I don’t even want to talk about the skewing of programming overwhelmingly towards men in the area of sport – it’s too depressing. Of course some women watch sport and listen to sports commentary on the radio.
But it would be interesting to do a large survey on the breakdown of viewers and listener types in terms of gender, and my guess is you’d find that they were overwhelmingly male – so both our taxes and consumer dollars (ie what we unwittingly pitch in for advertising costs) are skewed towards male viewing and listening.
My local ABC radio station, for example, turns into a sports station on the weekend. And Channel’s Ten’s only HD station shows sport only, most of it being played by males – if that’s not masculinist, what is?
I’m troubled by the increasing use of the word ‘mankind’ in the media. This is related to the use of ‘man’ to mean ‘humans’ and ‘men’ to mean ‘people’ (the last is far less common but I think the connection is important).
Why not say ‘humankind’ instead of ‘mankind’? It’s one more syllable and two more letters. And it sounds kinder and more inclusive, because it is. It reminds us of our common humanity, to boot.
But what’s so insidious about ‘mankind’, you might well ask. Everybody knows it means women as well. Aren’t there more important things to worry about?
But ‘mankind’ and ‘man’ as collective nouns don’t clearly mean either ‘men and women’ or ‘all members of the male gender’. They mean one or the other depending on the context, which can change without notice. This very slipperiness of the meanings is the problem – the impossibility of pinning the meaning down. These words render women as ghosts or mere shadows, liable to appear one minute and disappear the next. At very best they subsume women into men, just as Eve was born of Adam’s rib and was originally part of him. At worst, they simply cause women to vanish altogether. The language ‘disappears’ them.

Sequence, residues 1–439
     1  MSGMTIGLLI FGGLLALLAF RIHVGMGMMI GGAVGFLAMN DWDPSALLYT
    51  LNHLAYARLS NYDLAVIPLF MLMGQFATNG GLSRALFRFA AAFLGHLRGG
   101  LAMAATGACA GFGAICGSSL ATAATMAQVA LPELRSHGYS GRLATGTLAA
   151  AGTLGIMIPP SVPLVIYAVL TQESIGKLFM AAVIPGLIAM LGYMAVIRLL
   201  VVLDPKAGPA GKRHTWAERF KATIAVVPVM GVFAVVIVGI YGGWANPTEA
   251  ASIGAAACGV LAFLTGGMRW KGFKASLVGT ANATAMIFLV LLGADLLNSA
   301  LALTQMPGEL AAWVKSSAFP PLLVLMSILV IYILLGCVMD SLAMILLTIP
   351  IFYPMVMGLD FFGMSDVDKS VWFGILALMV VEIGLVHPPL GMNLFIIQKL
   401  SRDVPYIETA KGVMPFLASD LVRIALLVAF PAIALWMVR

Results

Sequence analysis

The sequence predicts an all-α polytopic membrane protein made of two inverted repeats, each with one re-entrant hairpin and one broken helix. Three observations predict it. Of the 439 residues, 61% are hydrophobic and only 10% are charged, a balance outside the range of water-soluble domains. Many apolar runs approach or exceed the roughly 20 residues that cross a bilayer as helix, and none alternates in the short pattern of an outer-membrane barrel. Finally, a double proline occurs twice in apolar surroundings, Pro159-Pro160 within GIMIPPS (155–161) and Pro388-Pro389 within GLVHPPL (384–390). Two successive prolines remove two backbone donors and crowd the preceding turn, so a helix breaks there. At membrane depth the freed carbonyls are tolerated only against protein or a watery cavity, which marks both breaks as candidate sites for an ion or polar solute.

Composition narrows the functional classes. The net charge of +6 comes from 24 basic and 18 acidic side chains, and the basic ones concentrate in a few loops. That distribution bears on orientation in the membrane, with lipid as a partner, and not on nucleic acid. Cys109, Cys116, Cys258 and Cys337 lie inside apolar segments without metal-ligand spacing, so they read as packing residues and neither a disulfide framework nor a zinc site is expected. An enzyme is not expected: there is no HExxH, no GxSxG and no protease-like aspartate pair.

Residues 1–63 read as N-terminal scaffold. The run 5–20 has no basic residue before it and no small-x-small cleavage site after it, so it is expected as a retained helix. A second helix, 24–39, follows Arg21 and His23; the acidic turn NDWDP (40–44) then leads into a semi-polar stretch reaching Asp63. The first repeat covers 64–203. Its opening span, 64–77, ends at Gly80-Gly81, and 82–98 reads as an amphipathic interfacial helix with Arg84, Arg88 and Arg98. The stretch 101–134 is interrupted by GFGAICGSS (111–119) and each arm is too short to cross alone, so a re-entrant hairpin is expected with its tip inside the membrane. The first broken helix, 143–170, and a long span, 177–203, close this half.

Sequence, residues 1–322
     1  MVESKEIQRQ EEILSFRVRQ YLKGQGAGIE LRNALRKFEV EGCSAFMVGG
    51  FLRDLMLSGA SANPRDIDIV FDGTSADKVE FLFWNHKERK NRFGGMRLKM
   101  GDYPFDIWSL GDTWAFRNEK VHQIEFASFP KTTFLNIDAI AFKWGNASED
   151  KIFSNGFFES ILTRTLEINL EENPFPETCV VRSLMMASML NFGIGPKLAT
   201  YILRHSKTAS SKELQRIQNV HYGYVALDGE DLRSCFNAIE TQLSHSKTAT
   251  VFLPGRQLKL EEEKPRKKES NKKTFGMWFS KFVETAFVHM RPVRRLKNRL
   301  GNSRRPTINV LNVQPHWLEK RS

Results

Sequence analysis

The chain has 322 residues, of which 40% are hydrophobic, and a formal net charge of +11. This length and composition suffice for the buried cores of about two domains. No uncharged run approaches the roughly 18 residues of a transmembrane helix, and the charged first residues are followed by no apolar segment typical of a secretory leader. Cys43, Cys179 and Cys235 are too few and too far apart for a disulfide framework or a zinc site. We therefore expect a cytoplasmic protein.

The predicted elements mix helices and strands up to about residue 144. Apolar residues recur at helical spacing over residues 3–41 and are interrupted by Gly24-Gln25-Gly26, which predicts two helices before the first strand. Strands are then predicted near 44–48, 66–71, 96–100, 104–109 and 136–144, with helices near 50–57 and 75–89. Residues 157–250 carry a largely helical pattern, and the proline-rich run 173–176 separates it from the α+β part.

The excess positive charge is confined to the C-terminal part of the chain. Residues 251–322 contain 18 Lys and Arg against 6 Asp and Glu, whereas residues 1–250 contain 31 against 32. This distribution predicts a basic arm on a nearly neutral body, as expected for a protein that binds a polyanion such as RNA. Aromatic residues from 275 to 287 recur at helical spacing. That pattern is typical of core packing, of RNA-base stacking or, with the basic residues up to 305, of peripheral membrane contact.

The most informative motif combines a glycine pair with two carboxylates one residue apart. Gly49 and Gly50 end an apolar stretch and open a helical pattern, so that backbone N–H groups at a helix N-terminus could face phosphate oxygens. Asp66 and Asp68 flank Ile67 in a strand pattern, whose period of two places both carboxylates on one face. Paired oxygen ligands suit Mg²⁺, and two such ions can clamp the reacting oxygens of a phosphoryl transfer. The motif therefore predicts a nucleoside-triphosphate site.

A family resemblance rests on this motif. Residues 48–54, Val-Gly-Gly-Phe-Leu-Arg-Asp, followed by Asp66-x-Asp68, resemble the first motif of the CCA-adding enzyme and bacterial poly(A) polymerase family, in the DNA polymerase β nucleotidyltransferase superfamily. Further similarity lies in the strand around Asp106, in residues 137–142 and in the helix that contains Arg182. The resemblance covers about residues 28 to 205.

I am amazed at the defensiveness of some men when they feel confronted by what they see as reversed sexism, and it bothers me how quick these men are to jump to this conclusion – revealing a misogyny and fear of women’s power.
This male defensiveness can be really over the top. A few months ago I was listening to two female hosts on my local ABC radio station, filling in for a male host because it was a public holiday. One male talkback caller rang to have a whinge about the fact that two women were hosting, as if it was some kind of feminist conspiracy.
In another talkback radio program on the subject of equal opportunity laws, one man complained about the title of an ABC television comedy, Stupid Stupid Man. He seemed to miss the point that the show was mainly about men, featuring at least four men and only two women.
Why does all this matter?
It matters because it is morally wrong to effectively castrate and in some cases sexually enslave half the population.
It matters because if we allow misogyny to go unchecked it feeds on itself. More than 20 years ago, in her book The Reproduction of Mothering, feminist psychoanalyst Nancy Chodorow theorised that misogyny was so widespread because it was women who mainly looked after male children. She wrote: ‘psychologists have demonstrated unequivocally that the very fact of being mothered by a woman [I assume she means solely] generates in men conflicts over masculinity, a psychology of male dominance and a feeling of being superior to women’. She called for ‘a fundamental reorganization of parenting, so that primary parenting is shared between men and women’.
This makes perfect sense to me. It is overwhelmingly mothers who frustrate us and deny us by giving us boundaries as we mature. But in many cases children also live with the resentment of mothers who want to do more with their lives than look after them. If there was more of a gender balance in parenting roles, not only would girls grow up with broader career horizons, but boys would be less misogynistic.
It matters because, as Thomas L. Friedman says in his book Hot, Flat and Crowded, climate change and shrinking biodiversity threaten our existence on this planet, and we need all the human ingenuity and innovation we can get. We need the brains and energies of the 50 per cent of the population who are currently stymied in one way or another.
It matters on an international level because we desperately need every girl in the world to be educated, because she will have fewer children. I’m not being paternalistic here: educated women in general choose to have fewer children, and they may also have more economic and social power and more access to reproductive choices.